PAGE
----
5 questions

What does Ukraine need today the most?

Ukrainians need to understand that personal regeneration of millions of people is what will change the country. We are living in amazing times politically and historically, but we need a revolution in the hearts of Ukrainians.


You have preached thousands of sermons both in churches and on the radio. What’s the main difference for you? 

What is the same, I don’t see the audience (laughter; Viktor is blind). But the main difference is that the vast majority of radio listeners know little about Christ. When I talk on the radio, I assume this and make sure that I stay as close to the listener as possible. We have many intelligent, interested listeners who simply have no knowledge of the Christian faith. And the basics are beautiful: God loves you, you need to be born again, the Good News is a gift for you from God.


What are the most rewarding listener responses that you receive? 

I would say when people open up and share their lives, particularly in the area of family relationships. God has used me in this way, helping people repent and readjust their relationships. Lately, God has allowed me to help many young people, especially those who are in bondage to pornography. The entire generation is wounded by this attack from the devil. It is great to see how God’s freedom impacts their lives.


You lost your sight in two separate accidents, at age five and eight. Two questions: Do you ask God why, and how does it affect your ministry.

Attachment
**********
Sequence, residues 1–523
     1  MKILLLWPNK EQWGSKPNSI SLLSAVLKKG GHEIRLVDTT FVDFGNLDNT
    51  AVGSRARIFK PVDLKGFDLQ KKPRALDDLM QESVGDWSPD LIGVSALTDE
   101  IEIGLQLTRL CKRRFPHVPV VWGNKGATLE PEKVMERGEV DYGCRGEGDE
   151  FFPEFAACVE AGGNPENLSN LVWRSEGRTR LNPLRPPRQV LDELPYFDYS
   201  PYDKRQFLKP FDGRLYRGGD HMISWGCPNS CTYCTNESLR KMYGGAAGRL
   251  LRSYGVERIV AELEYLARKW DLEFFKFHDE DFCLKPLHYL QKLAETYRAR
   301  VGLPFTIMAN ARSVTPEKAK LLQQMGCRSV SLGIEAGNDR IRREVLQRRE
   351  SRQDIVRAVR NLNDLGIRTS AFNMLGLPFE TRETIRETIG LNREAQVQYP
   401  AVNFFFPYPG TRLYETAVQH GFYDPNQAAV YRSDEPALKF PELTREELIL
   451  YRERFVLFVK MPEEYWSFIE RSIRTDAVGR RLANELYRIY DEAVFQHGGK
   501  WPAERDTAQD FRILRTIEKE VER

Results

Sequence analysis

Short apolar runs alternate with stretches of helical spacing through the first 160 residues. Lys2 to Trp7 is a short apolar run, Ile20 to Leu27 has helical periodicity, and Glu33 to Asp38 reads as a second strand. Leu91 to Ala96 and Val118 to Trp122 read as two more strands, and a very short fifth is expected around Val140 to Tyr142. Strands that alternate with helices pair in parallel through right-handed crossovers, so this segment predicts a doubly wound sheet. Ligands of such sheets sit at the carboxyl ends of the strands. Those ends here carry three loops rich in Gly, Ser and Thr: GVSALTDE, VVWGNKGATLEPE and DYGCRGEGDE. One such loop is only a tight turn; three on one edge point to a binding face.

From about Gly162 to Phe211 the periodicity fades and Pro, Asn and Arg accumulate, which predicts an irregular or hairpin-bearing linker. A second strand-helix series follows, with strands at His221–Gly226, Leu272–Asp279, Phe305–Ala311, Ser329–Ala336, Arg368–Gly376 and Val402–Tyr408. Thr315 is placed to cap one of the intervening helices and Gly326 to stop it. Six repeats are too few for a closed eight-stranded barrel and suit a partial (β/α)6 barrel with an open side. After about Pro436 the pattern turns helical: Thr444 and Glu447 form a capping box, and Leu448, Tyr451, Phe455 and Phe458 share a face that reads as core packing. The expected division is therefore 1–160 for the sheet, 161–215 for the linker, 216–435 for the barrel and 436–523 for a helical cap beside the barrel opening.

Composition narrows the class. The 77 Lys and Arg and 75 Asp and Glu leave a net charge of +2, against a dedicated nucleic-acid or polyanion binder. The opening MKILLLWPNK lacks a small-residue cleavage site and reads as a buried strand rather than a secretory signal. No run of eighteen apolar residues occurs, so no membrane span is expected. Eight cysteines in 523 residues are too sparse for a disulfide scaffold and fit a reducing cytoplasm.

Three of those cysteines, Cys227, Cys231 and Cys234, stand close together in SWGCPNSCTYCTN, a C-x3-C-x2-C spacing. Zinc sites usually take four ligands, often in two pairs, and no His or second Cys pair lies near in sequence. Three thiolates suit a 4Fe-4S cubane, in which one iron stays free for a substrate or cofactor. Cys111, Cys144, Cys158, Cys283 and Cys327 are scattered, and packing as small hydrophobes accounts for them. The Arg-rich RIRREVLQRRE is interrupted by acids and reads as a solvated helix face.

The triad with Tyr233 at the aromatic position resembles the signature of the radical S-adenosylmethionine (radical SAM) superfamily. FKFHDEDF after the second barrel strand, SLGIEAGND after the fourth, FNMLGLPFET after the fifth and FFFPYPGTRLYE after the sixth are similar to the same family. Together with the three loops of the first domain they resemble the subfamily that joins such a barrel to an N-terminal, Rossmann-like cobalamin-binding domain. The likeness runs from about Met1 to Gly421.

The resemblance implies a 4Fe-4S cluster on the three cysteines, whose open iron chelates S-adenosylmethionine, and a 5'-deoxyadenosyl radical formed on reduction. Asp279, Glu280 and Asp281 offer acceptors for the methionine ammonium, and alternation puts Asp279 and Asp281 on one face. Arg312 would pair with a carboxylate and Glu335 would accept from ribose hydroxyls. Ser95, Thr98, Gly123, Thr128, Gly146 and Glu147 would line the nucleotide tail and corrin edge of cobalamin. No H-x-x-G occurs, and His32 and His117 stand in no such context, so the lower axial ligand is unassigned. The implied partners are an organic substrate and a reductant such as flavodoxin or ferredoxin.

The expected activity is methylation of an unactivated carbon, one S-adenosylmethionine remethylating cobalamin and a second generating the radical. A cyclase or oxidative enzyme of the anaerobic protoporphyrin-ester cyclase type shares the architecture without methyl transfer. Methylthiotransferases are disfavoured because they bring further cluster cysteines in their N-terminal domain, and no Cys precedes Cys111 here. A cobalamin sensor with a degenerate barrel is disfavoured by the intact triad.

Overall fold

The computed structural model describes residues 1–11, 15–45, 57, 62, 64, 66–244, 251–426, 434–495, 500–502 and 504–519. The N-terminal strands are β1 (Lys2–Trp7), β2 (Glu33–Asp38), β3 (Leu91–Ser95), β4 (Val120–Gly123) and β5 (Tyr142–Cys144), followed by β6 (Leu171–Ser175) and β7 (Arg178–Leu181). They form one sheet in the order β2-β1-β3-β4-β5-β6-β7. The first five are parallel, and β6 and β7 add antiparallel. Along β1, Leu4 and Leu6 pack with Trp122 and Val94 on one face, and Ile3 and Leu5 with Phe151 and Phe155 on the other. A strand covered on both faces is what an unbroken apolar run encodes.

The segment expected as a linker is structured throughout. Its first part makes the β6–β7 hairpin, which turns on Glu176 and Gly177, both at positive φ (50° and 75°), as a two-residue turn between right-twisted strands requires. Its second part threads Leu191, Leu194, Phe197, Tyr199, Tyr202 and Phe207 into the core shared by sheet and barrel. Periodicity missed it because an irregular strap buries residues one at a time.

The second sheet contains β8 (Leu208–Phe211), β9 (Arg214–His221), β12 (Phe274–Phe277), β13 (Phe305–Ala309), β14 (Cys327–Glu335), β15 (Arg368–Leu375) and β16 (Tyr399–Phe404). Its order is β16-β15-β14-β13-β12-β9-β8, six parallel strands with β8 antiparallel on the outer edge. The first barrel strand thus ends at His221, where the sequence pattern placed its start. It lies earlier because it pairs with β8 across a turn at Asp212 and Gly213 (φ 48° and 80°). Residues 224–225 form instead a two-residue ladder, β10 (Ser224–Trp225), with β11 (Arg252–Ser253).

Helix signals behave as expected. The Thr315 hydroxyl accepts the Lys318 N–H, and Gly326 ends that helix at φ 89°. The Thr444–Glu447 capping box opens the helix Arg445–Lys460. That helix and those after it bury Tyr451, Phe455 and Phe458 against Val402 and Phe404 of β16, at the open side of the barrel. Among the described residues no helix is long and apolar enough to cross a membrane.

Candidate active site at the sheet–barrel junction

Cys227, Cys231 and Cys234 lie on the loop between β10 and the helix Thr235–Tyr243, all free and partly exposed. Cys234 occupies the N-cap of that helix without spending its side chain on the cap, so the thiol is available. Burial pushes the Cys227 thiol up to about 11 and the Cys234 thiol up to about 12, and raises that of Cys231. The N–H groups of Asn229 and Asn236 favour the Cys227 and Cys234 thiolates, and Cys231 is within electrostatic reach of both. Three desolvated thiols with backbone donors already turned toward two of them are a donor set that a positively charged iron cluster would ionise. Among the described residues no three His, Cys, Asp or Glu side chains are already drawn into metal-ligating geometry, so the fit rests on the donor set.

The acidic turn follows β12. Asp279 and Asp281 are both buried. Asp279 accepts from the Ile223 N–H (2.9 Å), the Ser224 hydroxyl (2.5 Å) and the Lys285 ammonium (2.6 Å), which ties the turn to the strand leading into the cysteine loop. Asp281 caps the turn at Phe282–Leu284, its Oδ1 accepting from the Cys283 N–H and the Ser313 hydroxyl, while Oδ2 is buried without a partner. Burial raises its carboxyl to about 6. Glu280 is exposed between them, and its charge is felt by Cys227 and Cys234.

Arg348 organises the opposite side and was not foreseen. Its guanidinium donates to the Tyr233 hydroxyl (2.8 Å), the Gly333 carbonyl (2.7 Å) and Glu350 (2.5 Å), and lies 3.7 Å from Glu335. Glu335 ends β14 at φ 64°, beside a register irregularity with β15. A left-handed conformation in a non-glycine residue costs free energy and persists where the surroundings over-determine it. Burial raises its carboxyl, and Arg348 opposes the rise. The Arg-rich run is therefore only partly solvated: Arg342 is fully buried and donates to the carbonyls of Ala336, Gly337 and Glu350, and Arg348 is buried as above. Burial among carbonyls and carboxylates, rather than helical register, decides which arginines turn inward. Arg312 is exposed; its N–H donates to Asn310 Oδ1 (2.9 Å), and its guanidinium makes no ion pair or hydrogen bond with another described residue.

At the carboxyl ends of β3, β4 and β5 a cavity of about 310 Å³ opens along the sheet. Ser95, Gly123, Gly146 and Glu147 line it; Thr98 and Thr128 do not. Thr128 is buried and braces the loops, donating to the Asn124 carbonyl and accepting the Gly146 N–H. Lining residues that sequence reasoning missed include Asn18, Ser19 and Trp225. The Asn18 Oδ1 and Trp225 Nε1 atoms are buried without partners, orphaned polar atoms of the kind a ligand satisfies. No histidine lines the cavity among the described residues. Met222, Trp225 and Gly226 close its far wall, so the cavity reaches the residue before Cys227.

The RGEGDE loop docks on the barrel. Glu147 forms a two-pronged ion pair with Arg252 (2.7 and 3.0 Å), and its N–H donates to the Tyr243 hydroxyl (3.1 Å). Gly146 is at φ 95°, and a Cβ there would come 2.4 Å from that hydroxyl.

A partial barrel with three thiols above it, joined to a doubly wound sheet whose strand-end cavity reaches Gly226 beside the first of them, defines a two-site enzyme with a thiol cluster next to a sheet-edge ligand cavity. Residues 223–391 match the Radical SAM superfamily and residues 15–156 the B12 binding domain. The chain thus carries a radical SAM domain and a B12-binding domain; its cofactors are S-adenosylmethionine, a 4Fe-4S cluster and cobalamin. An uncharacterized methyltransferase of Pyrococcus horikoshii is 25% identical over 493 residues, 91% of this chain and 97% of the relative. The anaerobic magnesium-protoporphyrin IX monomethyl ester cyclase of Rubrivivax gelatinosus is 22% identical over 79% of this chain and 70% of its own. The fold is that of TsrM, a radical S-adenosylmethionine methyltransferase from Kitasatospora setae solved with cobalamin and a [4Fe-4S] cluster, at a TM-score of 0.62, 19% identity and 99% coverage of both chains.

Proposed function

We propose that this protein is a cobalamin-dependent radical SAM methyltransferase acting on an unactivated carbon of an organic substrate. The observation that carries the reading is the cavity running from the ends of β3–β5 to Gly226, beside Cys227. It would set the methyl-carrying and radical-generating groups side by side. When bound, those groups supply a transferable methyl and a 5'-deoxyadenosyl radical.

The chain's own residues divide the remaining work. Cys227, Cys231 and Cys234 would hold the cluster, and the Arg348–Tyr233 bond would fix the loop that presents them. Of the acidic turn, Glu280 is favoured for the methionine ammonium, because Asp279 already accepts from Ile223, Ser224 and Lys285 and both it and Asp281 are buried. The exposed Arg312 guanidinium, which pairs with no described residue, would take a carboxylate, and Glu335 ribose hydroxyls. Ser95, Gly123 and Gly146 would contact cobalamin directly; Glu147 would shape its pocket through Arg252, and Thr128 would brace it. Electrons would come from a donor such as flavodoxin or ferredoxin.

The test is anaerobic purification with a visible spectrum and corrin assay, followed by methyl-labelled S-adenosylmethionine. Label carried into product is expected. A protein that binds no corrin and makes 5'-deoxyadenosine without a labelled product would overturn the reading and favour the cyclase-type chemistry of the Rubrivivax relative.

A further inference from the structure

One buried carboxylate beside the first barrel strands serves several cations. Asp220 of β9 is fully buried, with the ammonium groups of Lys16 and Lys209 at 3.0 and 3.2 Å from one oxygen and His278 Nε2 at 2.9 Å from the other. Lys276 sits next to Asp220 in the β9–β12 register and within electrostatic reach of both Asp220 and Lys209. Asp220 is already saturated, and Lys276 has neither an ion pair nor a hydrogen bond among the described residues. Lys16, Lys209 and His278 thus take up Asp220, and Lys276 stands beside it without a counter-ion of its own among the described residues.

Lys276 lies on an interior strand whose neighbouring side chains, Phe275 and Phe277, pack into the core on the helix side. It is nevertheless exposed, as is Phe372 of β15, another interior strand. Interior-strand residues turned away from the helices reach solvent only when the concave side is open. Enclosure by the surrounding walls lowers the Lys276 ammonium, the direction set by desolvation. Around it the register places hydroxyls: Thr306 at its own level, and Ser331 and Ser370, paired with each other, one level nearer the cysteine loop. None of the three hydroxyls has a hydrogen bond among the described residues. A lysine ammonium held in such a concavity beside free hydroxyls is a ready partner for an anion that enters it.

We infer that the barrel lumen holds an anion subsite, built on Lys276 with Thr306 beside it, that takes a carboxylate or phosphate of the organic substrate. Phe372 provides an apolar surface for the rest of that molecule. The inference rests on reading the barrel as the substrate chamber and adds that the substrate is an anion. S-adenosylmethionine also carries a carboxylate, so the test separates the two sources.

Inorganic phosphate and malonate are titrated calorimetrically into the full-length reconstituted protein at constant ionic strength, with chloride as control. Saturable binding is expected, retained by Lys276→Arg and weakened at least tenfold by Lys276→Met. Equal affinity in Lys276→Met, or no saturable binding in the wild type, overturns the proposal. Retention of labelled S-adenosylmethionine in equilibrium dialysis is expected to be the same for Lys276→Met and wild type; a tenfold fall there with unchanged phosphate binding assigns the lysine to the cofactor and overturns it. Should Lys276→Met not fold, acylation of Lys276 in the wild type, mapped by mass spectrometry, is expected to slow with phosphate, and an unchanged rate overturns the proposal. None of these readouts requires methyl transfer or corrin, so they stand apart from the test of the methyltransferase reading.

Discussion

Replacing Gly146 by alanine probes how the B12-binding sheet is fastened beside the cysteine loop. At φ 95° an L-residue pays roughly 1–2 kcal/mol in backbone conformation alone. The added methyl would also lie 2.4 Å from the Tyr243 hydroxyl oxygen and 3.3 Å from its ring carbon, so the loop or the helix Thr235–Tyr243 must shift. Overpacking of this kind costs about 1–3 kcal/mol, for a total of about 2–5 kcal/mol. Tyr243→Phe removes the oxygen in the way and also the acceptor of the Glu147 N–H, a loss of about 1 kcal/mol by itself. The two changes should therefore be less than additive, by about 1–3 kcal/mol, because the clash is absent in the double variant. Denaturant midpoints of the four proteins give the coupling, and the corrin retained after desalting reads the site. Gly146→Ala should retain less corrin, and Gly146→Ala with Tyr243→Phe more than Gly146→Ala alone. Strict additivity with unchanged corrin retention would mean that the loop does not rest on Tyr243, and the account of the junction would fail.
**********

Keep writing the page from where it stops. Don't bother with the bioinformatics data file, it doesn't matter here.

I stopped asking the why question a long time ago. The world is full of unexplained suffering. We know that God is good, and He is Sovereign - that’s enough for me. The question that I have to answer every day is what opportunities are available to me today to use for His Kingdom? 

One peculiar side effect of me being blind is that people open up to me a lot easier. I counsel hundreds of people every year.


You started the first station in Ukraine, in your home town of Slavyansk. Eleven months later the station was destroyed, and 5 volunteers were killed. That was five years ago. Can you share your feelings about this today? 

When I sit in our new studio that our supporters helped us build and realize that my voice is heard in thousands of homes of suffering people, I feel blessed and honored that we are now carrying the baton and continuing to do what our fallen brothers were doing before us:share the Good News amidst pain and death and see new life blossom despite war and poverty. This is what God allows us to be: a part of His family.

Viktor Kurylenko.
Senior broadcaster, FEBC-Ukraine

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